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imageClades (1 of 2) Definition
A clade is a grouping that includes a common ancestor and all the descendants (living and extinct) of that ancestor. Using a phylogeny, it is easy to tell if a group of lineages forms a clade. Imagine clipping a single branch off the phylogeny — all of the organisms on that pruned branch make up a clade.

Audience: 13-16

Source: UC Museum of Paleontology

Resource type: Image

imageClades (2 of 2) Nested clades
Clades are nested within one another — they form a nested hierarchy. A clade may include many thousands of species or just a few. Some examples of clades at different levels are marked on these phylogenies. Notice how clades are nested within larger clades.

Audience: 13-16

Source: UC Museum of Paleontology

Resource type: Image

imageGalapagos finch phylogeny
Genetic sequences show that finches with similar feeding approaches tend to be closely related to one another.

Audience: 13-16

Source: UC Museum of Paleontology

Resource type: Image

imageHumans on the tree of life
This tree is based on morphological and genetic data. Chimpanzees and humans form a clade with genes sequences that differ by only 1%. This genetic similarity made it hard to figure out exactly how these two primates are related, but recent genetic studies have strongly suggested that chimpanzees and humans are each other's closest living relative.

Audience: 13-16

Source: UC Museum of Paleontology

Resource type: Image

imageParsimony (1 of 5) Vertebrate character matrix
Character data for some major vertebrate lineages. Characters were limited to characters that are likely homologous (note that many vertebrate lineages and many characters were excluded from this example for the sake of simplicity).

Audience: 13-16

Source: UC Museum of Paleontology

Resource type: Image

imageParsimony (2 of 5) Vertebrate ancestor characters
From studying fossils and lineages closely related to the vertebrate clade, we hypothesize that the ancestor of vertebrates had none of these features.

Audience: 13-16

Source: UC Museum of Paleontology

Resource type: Image

imageParsimony (3 of 5) Amniotic egg clade and phylogeny
We focus in on the group of lineages that share the derived form of the egg character, an amniotic egg (A), and hypothesize that they form a clade (B.)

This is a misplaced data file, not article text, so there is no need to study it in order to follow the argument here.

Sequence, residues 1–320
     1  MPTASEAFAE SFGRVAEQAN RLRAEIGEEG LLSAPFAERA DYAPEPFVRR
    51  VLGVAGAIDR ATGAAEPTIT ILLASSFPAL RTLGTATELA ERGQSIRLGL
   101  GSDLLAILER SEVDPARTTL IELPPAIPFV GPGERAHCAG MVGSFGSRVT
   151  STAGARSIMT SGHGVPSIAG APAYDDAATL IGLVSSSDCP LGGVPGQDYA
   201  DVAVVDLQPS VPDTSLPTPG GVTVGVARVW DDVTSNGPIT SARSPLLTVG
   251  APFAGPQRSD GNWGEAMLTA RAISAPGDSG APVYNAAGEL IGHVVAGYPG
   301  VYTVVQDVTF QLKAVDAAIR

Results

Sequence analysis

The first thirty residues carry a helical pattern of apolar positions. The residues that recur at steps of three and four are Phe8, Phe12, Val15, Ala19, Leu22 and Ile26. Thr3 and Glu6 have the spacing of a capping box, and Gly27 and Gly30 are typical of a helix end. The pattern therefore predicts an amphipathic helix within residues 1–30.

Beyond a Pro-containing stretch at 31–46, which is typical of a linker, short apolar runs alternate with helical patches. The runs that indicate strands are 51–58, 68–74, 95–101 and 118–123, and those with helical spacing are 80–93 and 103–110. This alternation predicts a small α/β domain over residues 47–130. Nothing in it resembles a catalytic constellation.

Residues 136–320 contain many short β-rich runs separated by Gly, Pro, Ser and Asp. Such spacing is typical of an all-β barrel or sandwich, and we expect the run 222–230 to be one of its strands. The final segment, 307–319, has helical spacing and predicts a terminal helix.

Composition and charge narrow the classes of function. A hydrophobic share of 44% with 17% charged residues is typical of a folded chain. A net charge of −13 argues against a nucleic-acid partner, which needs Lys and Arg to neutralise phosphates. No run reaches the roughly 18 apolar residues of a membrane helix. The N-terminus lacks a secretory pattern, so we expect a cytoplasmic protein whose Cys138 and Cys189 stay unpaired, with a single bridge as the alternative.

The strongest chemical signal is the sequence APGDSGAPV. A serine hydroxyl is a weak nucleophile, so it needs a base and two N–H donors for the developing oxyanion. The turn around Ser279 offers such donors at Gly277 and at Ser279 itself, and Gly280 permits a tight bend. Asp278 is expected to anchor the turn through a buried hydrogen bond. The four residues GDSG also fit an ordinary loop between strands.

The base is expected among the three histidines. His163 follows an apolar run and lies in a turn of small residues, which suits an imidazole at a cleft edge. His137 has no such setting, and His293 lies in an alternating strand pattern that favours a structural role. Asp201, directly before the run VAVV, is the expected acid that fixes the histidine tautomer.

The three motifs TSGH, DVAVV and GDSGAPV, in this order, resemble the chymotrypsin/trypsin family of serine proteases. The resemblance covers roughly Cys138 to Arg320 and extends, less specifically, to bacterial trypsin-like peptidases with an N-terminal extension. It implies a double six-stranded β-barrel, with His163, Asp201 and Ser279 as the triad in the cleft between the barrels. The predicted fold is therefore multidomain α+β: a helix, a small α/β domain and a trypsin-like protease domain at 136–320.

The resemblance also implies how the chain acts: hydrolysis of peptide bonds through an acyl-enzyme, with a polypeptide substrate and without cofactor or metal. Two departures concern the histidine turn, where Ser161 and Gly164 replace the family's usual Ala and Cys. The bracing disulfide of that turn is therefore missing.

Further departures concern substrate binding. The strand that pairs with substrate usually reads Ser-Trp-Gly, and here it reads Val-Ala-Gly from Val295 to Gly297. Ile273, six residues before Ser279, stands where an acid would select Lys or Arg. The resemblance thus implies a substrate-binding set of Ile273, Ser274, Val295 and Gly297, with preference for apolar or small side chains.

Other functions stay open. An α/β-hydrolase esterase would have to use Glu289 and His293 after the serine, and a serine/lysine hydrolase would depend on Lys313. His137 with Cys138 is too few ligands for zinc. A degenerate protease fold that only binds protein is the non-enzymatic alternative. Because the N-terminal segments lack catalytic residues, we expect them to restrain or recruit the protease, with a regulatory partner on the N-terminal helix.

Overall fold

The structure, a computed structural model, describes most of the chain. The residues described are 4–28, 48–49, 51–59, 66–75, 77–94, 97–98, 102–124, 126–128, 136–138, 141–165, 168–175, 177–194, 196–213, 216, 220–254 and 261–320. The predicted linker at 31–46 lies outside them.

Audience: 13-16

Source: UC Museum of Paleontology

Resource type: Image

imageParsimony (4 of 5) All clades and phylogeny
If we go through the whole table like this, grouping clades according to shared derived characters (C) we get the following hypothesis (D).

Audience: 13-16

Source: UC Museum of Paleontology

Resource type: Image

imageParsimony (5 of 5) Comparison of two hypotheses
The parsimony principle tells us to choose the simplest scientific explanation that fits the evidence. Hypothesis 1 requires six evolutionary changes and Hypothesis 2 requires seven evolutionary changes, with a bony skeleton evolving independently, twice. Although both fit the available data, the parsimony principle says that Hypothesis 1 is better — since it does not hypothesize unnecessarily complicated changes.

Audience: 13-16

Source: UC Museum of Paleontology

Resource type: Image

imagePhylogenies (1 of 3) Tree-like not ladder-like
Evolution produces a pattern of relationships A B C D among lineages that is tree-like, not ladder-like.

Audience: 13-16

Source: UC Museum of Paleontology

Resource type: Image

imagePhylogenies (2 of 3) Left to right
Just because we tend to read phylogenies from left to right, there is no correlation with level of "advancement."

Audience: 13-16

Source: UC Museum of Paleontology

Resource type: Image

imagePhylogenies (3 of 3) Order doesn't matter
For any speciation event on a phylogeny, the choice of which lineage goes to the right and which goes to the left is arbitrary. These phylogenies are equivalent.

Audience: 13-16

Source: UC Museum of Paleontology

Resource type: Image

imagePolytomy (1 of 3)
Often, one sees phylogenies that include polytomies, nodes with more than two descendent lineages, creating a "pitchfork."

Audience: 13-16

Source: UC Museum of Paleontology

Resource type: Image

imagePolytomy (2 of 3) Lack of knowledge
A polytomy may mean that we don't have enough data to figure out how the lineages are related. There are six possible solutions to this polytomy. Often, gathering more data can resolve a polytomy.

Audience: 13-16

Source: UC Museum of Paleontology

Resource type: Image